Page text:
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Acadia Center for Nursing and Rehabilitation received 16 citations for violations of public health code between 2016 and 2020, according to New York State Department of Health records accessed on March 21, 2020. The facility also received a 2015 fine of $4,000 in connection to findings in a 2013 inspection that it violated health code provisions regarding resident medication errors. The Riverhead, NY nursing home’s citations resulted from a total of four surveys by state inspectors. The deficiencies they describe include the following:

1. The nursing home did not ensure residents were protected from abuse. Section 483.12 of the Federal Code stipulates that nursing home residents have “the right to be free from abuse.” An October 2019 citation found that Acadia Center for Nursing and Rehabilitation did not ensure one resident was free from abuse. The citation states specifically that a Certified Nursing Assistant witnessed a Licensed Practical Nurse “using foul language and hitting a legally blind resident with cognitive impairment twice on his forehead.” The citation states further that video surveillance documented this incident, and that the LPN was “immediately removed from her assignment.” A plan of correction undertaken by the facility included the termination of the LPN. Continue reading

Apex Rehabilitation & Care Center received 29 citations for violations of public health code between 2016 and 2020, according to New York State Department of Health records accessed on March 21, 2020. The Huntington Station nursing home’s citations resulted from a total of five surveys by state inspectors. The deficiencies they describe include the following:

1. The nursing home did not protect residents from abuse. Section 483.12 of the Federal Code requires nursing homes to ensure residents’ right to freedom from abuse. A December 2019 citation found that Apex Rehabilitation & Care Center did not ensure such for two residents. The citation states specifically that two Certified Nursing Assistants “placed the back of [a resident’s] bra strap over the wheelchair handle when the resident was exhibiting behavioral symptoms and constantly trying to stand up from the wheelchair.” The citation states further that one of those CNAs was captured on the facility’s video surveillance pushing a resident “to sit back in his wheelchair.” A plan of correction undertaken by the facility included the interview, suspension, investigation, and termination of both CNAs.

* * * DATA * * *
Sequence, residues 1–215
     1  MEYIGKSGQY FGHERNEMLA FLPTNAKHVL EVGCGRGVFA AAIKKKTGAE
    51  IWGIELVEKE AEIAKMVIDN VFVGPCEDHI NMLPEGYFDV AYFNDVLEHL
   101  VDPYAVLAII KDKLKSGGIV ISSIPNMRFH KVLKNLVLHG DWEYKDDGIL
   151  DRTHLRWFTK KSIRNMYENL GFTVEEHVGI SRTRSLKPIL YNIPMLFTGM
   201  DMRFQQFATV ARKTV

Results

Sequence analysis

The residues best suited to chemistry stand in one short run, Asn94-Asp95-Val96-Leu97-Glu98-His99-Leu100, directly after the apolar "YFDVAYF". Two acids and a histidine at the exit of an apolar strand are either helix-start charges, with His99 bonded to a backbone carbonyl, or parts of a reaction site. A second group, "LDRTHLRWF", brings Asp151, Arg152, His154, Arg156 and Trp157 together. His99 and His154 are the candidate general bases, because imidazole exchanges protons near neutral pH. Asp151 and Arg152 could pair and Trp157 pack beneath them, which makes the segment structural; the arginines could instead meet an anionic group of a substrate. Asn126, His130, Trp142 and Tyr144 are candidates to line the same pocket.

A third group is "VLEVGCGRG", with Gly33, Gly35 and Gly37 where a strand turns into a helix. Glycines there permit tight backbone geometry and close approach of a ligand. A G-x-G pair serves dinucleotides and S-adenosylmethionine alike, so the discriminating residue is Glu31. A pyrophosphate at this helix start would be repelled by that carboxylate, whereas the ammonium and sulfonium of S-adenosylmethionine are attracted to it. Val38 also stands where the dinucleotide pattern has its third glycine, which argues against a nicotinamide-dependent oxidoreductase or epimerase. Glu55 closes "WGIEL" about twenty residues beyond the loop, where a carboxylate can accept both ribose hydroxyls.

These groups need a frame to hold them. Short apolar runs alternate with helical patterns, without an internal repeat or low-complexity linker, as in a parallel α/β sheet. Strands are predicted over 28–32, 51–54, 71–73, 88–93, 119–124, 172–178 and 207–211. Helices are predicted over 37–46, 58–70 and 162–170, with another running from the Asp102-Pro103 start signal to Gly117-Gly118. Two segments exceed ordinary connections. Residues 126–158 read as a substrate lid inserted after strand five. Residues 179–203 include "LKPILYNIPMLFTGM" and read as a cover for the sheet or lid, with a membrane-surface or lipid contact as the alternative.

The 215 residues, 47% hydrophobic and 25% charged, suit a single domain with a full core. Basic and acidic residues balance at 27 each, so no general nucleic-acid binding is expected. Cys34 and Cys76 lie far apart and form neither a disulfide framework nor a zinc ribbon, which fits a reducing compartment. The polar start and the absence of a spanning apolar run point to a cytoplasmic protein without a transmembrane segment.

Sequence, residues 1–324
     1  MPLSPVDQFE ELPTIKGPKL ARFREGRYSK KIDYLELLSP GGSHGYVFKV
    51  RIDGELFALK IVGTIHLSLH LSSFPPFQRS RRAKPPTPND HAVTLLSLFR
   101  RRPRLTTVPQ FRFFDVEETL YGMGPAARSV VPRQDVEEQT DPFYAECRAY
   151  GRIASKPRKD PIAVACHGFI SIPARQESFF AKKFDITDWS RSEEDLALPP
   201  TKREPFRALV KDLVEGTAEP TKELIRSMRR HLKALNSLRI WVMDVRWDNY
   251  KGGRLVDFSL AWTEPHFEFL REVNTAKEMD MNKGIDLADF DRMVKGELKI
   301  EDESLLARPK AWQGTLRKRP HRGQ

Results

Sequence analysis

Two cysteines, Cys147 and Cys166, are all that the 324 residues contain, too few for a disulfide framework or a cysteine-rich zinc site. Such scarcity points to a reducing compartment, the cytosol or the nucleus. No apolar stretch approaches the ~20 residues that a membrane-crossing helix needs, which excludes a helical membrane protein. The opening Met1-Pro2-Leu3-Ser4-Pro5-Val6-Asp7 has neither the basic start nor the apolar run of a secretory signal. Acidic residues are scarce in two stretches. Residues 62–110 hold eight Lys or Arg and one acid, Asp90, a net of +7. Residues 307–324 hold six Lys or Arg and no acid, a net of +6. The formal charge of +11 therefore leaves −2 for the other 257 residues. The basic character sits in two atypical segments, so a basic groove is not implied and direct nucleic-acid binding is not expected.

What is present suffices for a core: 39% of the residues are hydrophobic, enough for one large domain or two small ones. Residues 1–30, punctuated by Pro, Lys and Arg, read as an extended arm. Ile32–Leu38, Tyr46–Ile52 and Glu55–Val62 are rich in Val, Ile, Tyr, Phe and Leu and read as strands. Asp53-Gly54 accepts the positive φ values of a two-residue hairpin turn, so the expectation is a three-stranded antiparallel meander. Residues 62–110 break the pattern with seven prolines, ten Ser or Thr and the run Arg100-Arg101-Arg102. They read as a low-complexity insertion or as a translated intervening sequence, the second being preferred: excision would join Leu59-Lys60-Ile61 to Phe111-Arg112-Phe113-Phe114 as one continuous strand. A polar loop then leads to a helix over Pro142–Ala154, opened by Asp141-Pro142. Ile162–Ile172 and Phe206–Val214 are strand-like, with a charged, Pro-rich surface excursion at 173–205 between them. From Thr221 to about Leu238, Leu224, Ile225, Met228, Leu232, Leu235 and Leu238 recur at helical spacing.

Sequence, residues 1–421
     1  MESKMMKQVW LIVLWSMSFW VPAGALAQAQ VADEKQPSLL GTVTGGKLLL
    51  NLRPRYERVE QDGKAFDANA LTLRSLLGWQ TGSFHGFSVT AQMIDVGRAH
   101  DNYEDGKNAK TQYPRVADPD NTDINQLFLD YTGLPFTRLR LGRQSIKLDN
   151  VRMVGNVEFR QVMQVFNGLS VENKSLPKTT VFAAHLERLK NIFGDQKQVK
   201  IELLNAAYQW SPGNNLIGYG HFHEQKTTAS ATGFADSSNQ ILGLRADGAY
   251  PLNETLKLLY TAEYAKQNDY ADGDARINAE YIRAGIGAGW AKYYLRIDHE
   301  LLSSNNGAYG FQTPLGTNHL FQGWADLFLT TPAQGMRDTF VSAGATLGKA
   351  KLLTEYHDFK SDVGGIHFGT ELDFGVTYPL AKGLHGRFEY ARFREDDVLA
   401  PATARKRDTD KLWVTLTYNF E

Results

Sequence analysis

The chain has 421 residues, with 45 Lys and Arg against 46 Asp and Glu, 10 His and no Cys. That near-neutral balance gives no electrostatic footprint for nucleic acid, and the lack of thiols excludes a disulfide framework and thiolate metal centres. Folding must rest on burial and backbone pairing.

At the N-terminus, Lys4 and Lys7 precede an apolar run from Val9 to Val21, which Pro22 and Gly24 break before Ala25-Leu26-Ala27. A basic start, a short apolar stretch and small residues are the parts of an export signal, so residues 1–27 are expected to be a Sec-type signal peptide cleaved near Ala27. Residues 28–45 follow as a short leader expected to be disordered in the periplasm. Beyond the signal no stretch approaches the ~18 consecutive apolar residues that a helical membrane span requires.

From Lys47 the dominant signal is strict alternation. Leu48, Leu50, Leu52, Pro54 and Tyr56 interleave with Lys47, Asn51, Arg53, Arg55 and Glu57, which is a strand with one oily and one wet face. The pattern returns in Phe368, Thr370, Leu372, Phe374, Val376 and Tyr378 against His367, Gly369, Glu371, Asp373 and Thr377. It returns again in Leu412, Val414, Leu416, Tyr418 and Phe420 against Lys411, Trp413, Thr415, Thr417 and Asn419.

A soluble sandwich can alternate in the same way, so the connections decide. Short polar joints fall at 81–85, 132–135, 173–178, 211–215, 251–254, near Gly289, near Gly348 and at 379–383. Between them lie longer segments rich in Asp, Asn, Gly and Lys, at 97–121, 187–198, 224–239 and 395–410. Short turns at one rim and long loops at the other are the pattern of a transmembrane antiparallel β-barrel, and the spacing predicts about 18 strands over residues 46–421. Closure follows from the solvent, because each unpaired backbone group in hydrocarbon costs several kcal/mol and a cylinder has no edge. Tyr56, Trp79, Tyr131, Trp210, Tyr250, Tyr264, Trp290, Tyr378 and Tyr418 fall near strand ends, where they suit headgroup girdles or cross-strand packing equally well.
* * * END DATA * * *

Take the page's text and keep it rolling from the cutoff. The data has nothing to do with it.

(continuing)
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Williamsbridge Center for Rehabilitation and Nursing received 29 citations for violations of public health laws between 2015 and 2019, according to New York State Department of Health records accessed on November 14, 2019. These citations include one that authorities determined to reflect “a severe, systemic deficiency.” The Bronx nursing home’s citations resulted from a total of four inspections by state authorities. The violations they describe include the following:

1. The nursing home did not provide an environment free of accident hazards. Under Section 483.25 of the Federal Code, nursing home facilities are required to provide an environment as free as possible from accident hazards, and to provide proper supervision to prevent accidents. A citation issued on April 23, 2019 found that the nursing home failed to adequately supervise a resident with a history of attempted elopement, who eloped from the facility on April 5, 2019. According to the citation, the resident was not accounted for during an 11 AM head count, and the nursing home did not launch a search for the resident until 2:30 PM. As of the date of the citation, the resident’s whereabouts remained unknown. The Department of Health found that this failure resulted in “immediate jeopardy to resident health or safety” and reflected a systemic deficiency.